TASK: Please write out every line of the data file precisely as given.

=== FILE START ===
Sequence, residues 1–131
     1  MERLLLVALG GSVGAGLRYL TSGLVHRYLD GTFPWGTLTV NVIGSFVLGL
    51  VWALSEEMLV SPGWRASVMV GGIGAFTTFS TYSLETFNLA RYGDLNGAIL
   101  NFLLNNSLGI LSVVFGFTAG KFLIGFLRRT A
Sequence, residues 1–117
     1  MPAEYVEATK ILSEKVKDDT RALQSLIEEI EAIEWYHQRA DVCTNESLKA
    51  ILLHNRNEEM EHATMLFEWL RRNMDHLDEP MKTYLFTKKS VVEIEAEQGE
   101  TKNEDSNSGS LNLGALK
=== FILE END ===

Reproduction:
Sequence, residues 1–131
     1  MERLLLVALG GSVGAGLRYL TSGLVHRYLD GTFPWGTLTV NVIGSFVLGL
    51  VWALSEEMLV SPGWRASVMV GGIGAFTTFS TYSLETFNLA RYGDLNGAIL
   101  NFLLNNSLGI LSVVFGFTAG KFLIGFLRRT A
Sequence, residues 1–117
     1  MPAEYVEATK ILSEKVKDDT RALQSLIEEI EAIEWYHQRA DVCTNESLKA
    51  ILLHNRNEEM EHATMLFEWL RRNMDHLDEP MKTYLFTKKS VVEIEAEQGE
   101  TKNEDSNSGS LNLGALK